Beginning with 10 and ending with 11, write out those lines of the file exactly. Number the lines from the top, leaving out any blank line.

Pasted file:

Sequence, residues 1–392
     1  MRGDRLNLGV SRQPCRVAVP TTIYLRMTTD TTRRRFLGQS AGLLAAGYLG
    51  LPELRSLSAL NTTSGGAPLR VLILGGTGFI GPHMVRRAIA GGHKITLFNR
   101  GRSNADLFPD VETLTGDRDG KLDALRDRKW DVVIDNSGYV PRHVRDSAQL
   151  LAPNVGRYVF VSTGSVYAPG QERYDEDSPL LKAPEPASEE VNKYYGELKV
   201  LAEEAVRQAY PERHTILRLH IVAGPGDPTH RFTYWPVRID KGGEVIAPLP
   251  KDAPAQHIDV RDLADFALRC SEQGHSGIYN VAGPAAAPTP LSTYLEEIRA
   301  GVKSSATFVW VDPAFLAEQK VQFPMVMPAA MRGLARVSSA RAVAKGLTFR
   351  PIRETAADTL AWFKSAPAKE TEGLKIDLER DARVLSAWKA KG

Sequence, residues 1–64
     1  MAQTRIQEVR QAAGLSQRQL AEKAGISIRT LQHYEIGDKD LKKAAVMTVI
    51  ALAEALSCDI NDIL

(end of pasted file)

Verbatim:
Sequence, residues 1–64
     1  MAQTRIQEVR QAAGLSQRQL AEKAGISIRT LQHYEIGDKD LKKAAVMTVI